The shop below is the home of the Swedenborg Society.
On the afternoon we arrived there, things had not been going well. We had been faced with a small run of hostile shops with rude owners, and had failed to buy a steadicam for the second time (this time due to a pesky ebay app and an imminently closing bid). Fortunately, things were about to take a turn for the better.
No sooner had we entered this shop than the extremely friendly woman at the desk started talking to us enthusiastically about 18th Century Swedish philosopher, scientist and theologian Emanuel Swedenborg. We had never heard of Swedenborg, but now know that among other things, he posited that the Apocalypse had already happened, that we had all died already, and that Jesus had told him to eat less. Apparently “he could freely visit heaven and hell, and talk with angels, demons and other spirits.”
I think you’ll agree he sounds like a very interesting chap.
The Swedenborg Society are an entirely secular organisation, who publish his works and generally keep his memory alive, out of sheer enthusiasm and fascination for the man. Their shop is neat and welcoming, while the man and woman we met inside were knowledgeable, friendly and helpful.
This is how I prefer to think of independent bookshops: as welcoming places of inspiration, imagination and eccentricity. Here was a shop which tallied with our vision of the Last Bookshop of our film. It was all about keeping these old writings alive, preserving the fascinating history, and welcoming a new audience of readers.
We thanked them for their hospitality, and took their advice that we visit nearby Persephone Books. This proved to be another utterly unique bookshop, rather more like stepping into someone’s kitchen or living room. As their website states, Persephone Books “reprints neglected classics by C20th (mostly women) writers.” Again, here were passionate, friendly people actively keeping alive books which might otherwise get lost. We were very glad we visited, as the shop definitely had atmosphere – but alas, it was not the right atmosphere for our film.
And so we arrived at our final location for the day: Treadwell’s Bookshop.
As you can see from the picture above, Treadwell’s – perhaps more so than any other shop we visited in London – had just the right palette of warm ambers and reddish-browns, to suggest the atmosphere we are after. It was also scattered with rugs and carvings (and one tiny stuffed gorilla) which gave the place the right sense of magical clutter.
Indeed, the shop specialises in all things magical, and according to their website they “aim to be the friendliest place in London.” Well, it was certainly the friendliest shop we visited all day. And we’re not just saying that because the owner gave us a free cookie (although that always helps).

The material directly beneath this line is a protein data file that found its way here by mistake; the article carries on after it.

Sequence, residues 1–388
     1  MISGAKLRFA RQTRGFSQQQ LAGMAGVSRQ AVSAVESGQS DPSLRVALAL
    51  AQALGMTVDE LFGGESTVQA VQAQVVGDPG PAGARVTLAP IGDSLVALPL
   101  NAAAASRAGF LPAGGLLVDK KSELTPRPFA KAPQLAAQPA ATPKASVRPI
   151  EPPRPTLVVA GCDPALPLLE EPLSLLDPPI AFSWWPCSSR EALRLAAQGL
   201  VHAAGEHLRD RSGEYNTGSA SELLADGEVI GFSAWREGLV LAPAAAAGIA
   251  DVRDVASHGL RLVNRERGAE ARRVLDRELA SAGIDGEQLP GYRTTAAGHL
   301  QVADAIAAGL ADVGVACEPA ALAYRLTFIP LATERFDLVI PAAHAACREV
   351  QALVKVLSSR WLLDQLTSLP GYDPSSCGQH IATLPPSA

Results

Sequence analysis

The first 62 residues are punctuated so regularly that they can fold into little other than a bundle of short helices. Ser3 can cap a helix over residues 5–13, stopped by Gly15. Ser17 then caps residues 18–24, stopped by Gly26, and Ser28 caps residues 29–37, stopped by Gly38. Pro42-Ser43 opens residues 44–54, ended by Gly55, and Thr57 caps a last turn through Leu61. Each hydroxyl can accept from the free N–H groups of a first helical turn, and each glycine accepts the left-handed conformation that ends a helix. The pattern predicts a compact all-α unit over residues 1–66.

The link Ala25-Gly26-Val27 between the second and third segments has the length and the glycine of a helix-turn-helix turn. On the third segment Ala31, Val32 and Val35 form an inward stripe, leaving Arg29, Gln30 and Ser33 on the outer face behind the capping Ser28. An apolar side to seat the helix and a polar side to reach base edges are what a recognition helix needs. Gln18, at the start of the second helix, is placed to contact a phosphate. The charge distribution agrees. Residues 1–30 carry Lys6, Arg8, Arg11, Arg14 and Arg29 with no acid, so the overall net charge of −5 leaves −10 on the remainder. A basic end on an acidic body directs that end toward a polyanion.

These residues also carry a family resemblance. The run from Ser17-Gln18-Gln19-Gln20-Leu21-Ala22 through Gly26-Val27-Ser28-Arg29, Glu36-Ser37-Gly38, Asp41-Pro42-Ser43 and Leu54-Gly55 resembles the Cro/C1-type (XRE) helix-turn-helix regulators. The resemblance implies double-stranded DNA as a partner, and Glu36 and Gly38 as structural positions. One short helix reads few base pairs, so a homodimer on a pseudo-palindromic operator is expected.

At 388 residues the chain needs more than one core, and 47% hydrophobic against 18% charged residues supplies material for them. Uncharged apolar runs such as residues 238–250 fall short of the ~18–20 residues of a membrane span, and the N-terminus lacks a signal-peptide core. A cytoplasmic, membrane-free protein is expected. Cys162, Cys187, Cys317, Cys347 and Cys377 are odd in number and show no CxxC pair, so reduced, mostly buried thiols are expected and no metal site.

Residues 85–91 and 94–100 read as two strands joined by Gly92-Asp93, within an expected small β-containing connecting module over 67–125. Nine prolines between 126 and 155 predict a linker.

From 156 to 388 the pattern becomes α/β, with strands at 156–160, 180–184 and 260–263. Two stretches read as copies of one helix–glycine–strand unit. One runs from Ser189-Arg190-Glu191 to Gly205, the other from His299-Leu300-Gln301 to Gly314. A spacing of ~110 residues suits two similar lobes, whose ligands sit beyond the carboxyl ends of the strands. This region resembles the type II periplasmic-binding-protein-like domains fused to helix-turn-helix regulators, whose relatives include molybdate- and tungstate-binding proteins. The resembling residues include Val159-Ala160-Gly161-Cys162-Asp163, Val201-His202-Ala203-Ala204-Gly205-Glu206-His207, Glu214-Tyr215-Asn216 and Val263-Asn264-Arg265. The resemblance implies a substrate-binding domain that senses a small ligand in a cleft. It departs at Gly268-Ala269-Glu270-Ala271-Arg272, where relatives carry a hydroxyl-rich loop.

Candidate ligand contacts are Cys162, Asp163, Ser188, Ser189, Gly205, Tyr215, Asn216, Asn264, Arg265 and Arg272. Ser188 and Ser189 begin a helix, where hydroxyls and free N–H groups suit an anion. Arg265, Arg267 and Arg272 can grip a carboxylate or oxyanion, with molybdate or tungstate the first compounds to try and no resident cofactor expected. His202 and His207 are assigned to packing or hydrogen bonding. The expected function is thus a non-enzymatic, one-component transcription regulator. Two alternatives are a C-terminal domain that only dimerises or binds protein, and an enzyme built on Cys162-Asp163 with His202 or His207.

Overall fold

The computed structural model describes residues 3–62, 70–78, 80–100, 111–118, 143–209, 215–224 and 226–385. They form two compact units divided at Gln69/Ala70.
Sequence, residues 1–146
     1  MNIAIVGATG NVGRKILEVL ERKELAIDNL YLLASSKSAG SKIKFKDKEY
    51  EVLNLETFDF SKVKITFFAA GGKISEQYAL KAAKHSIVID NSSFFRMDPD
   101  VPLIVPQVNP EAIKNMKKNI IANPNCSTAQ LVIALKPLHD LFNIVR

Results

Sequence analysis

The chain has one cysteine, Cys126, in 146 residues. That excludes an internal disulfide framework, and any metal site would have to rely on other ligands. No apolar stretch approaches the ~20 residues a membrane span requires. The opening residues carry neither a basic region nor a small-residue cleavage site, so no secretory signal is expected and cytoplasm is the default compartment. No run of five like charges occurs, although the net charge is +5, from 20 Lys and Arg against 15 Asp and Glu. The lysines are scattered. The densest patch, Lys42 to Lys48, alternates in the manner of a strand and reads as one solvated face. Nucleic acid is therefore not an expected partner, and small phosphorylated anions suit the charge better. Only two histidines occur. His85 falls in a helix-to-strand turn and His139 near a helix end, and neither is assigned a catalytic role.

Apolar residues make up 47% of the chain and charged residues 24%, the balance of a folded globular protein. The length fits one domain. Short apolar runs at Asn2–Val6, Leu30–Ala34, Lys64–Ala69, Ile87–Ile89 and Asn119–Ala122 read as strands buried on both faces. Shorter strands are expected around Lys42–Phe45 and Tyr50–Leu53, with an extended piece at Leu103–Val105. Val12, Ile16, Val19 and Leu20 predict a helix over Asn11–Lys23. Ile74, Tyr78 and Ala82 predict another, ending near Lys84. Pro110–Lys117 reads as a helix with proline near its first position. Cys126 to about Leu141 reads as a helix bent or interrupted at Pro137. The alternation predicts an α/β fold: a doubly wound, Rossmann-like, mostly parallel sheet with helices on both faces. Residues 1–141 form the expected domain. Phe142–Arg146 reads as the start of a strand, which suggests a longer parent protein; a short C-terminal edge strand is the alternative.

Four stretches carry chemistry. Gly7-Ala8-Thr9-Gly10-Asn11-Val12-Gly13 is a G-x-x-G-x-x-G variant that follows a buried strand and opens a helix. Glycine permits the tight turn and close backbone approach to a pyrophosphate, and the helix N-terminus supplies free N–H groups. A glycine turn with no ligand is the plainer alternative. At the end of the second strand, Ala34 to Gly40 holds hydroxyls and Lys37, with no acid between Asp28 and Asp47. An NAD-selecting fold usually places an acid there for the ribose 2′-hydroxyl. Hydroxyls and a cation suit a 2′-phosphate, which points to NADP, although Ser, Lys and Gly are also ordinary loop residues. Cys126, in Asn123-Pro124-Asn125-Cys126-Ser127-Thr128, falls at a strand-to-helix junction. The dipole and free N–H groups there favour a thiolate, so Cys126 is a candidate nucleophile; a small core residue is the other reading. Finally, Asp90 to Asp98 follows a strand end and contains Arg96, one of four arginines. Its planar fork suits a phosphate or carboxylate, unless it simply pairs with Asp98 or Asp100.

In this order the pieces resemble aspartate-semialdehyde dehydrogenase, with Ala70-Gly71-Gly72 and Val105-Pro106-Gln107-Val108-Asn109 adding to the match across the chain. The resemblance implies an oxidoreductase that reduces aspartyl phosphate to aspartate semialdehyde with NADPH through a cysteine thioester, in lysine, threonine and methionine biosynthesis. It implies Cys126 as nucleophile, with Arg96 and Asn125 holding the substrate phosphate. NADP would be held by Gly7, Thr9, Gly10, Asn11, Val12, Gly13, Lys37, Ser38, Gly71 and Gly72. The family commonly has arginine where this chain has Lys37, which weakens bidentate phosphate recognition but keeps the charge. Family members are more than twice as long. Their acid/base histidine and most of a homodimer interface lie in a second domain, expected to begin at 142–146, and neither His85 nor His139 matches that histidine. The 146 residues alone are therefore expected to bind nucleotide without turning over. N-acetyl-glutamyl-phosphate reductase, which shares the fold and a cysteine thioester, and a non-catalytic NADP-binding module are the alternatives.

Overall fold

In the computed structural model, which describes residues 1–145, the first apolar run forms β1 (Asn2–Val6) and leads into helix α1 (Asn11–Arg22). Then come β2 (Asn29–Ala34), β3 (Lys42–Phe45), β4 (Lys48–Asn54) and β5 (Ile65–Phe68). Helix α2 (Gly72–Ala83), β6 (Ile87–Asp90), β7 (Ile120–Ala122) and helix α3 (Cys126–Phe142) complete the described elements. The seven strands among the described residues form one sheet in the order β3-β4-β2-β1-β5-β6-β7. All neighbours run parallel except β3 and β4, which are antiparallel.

It seems that the whole shop is run on love and goodwill. Indeed, the owner Christina – who was utterly friendly and chatty – was accompanied by two chums, Marysia and Rebecca, who helped give the place a cosy atmosphere of friends helping each other out. They were more than happy for us to take a few reference photos. But then they let the bad news slip out…
We were visiting on their penultimate day.
As we were told this news our hearts sank. This was the friendliest, most promising location we’d visited all day, and now it was being snatched away from us! Fortunately, there was a happy twist to the tale: after years of trading from this creaky old shop in Covent Garden (which was last renovated in the 1920s and was now showing its considerable age) the shop will next week be moving to Bloomsbury. Thankfully, the next location promises to be slightly larger, but Christina is determined to make it just as homely and full of character, and so Treadwell’s should live on much the same.
It seems appropriate that our Friday location scout was bookended with shops that earn a media profile. But while our first visit of the day was famous from Black Books (and therefore has connotations of the angry misanthropic cliche we would later encounter) our final shop of the day has earned a rather warmer, more magical reputation in its various media appearances from Richard and Judy to the One Show. Here is Treadwell’s original Covent Garden incarnation featuring in a Mumford and Sons video…
Of course, we visited many more bookshops on Friday (and earlier in the week) which we have not mentioned. Some were unwilling to be photographed, or were uninterested in the promotion we could offer their shops. We will respect their wishes, and not promote them here. Others were hostile and rude, and never even knew that we were embarking on a project to highlight the joy of bookshops. But some were extremely friendly and helpful, and gave us plenty of food for thought as we set about turning our fictional idea into an actual film.
All in all, it was an encouraging start, and left us extremely excited about what we might find during Saturday’s Kentish bookshop roadtrip…